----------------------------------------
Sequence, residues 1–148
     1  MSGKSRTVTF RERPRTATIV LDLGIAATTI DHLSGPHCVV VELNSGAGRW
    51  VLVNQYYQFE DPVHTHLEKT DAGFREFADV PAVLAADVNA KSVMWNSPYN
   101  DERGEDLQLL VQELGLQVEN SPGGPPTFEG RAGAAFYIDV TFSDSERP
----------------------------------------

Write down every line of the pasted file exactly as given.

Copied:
Sequence, residues 1–148
     1  MSGKSRTVTF RERPRTATIV LDLGIAATTI DHLSGPHCVV VELNSGAGRW
    51  VLVNQYYQFE DPVHTHLEKT DAGFREFADV PAVLAADVNA KSVMWNSPYN
   101  DERGEDLQLL VQELGLQVEN SPGGPPTFEG RAGAAFYIDV TFSDSERP